The benefits of correct diaphragmatic breathing have been extolled by yoga and meditation teachers for years, but a recent study has highlighted how much your breathing affects your brain and emotions:
So what exactly is the diaphragm? Well, this is a large thin sheet of muscle which divides your heart and lungs from the abdominal contents (your stomach, liver, gut and other organs). It is dome shaped at rest, but when you take a deep breath the muscle flattens and descends, pulling air into the lungs. Below you will see just how far up into the ribcage it extends at rest.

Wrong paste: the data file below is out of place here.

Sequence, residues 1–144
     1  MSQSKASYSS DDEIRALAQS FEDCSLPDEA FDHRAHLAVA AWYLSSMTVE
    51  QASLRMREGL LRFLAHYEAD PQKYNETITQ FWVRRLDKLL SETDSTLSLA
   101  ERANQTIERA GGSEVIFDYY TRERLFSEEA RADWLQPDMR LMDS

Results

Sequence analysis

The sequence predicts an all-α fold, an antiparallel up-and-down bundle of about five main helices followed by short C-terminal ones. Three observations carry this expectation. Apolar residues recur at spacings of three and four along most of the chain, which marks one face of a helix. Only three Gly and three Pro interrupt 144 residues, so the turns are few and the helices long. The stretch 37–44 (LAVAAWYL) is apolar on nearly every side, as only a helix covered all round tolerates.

Try this simple breathing exercise: lying on your back, place your hands on your abdomen. As you take a deep breath in, your hands should naturally rise up, as the diaphragm flattens, pushing the abdominal contents downwards and outwards. (If you watch babies and small children, they breathe like this naturally- but adults sometimes have to re-learn this skill!)
In practice, I often find a tight diaphragm is part of the problem in patients with low back pain. As you can see, it attaches onto the lumbar spine (labelled left and right crus in this image) and is closely associated with two other prime suspects- the psoas major and the quadratus lumborum. So do your back a favour and practice some diaphragmatic breathing today!